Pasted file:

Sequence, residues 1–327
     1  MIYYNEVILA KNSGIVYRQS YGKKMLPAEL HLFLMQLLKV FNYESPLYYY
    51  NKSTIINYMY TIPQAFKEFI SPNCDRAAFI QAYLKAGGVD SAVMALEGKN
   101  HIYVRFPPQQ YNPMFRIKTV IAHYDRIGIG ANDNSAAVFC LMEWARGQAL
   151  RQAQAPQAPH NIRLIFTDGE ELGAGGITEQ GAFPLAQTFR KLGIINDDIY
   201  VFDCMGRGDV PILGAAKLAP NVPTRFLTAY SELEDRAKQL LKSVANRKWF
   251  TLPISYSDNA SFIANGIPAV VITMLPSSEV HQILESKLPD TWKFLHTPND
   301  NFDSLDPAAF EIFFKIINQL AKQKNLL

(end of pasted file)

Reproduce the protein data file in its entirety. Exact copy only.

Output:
Sequence, residues 1–327
     1  MIYYNEVILA KNSGIVYRQS YGKKMLPAEL HLFLMQLLKV FNYESPLYYY
    51  NKSTIINYMY TIPQAFKEFI SPNCDRAAFI QAYLKAGGVD SAVMALEGKN
   101  HIYVRFPPQQ YNPMFRIKTV IAHYDRIGIG ANDNSAAVFC LMEWARGQAL
   151  RQAQAPQAPH NIRLIFTDGE ELGAGGITEQ GAFPLAQTFR KLGIINDDIY
   201  VFDCMGRGDV PILGAAKLAP NVPTRFLTAY SELEDRAKQL LKSVANRKWF
   251  TLPISYSDNA SFIANGIPAV VITMLPSSEV HQILESKLPD TWKFLHTPND
   301  NFDSLDPAAF EIFFKIINQL AKQKNLL